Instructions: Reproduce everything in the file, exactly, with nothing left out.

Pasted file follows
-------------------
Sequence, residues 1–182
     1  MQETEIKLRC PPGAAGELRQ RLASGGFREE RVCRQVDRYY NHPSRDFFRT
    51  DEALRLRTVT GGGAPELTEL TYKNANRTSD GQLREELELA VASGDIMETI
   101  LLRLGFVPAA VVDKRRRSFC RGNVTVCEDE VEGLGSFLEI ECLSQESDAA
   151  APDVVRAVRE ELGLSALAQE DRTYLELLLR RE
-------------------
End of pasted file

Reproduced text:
Sequence, residues 1–182
     1  MQETEIKLRC PPGAAGELRQ RLASGGFREE RVCRQVDRYY NHPSRDFFRT
    51  DEALRLRTVT GGGAPELTEL TYKNANRTSD GQLREELELA VASGDIMETI
   101  LLRLGFVPAA VVDKRRRSFC RGNVTVCEDE VEGLGSFLEI ECLSQESDAA
   151  APDVVRAVRE ELGLSALAQE DRTYLELLLR RE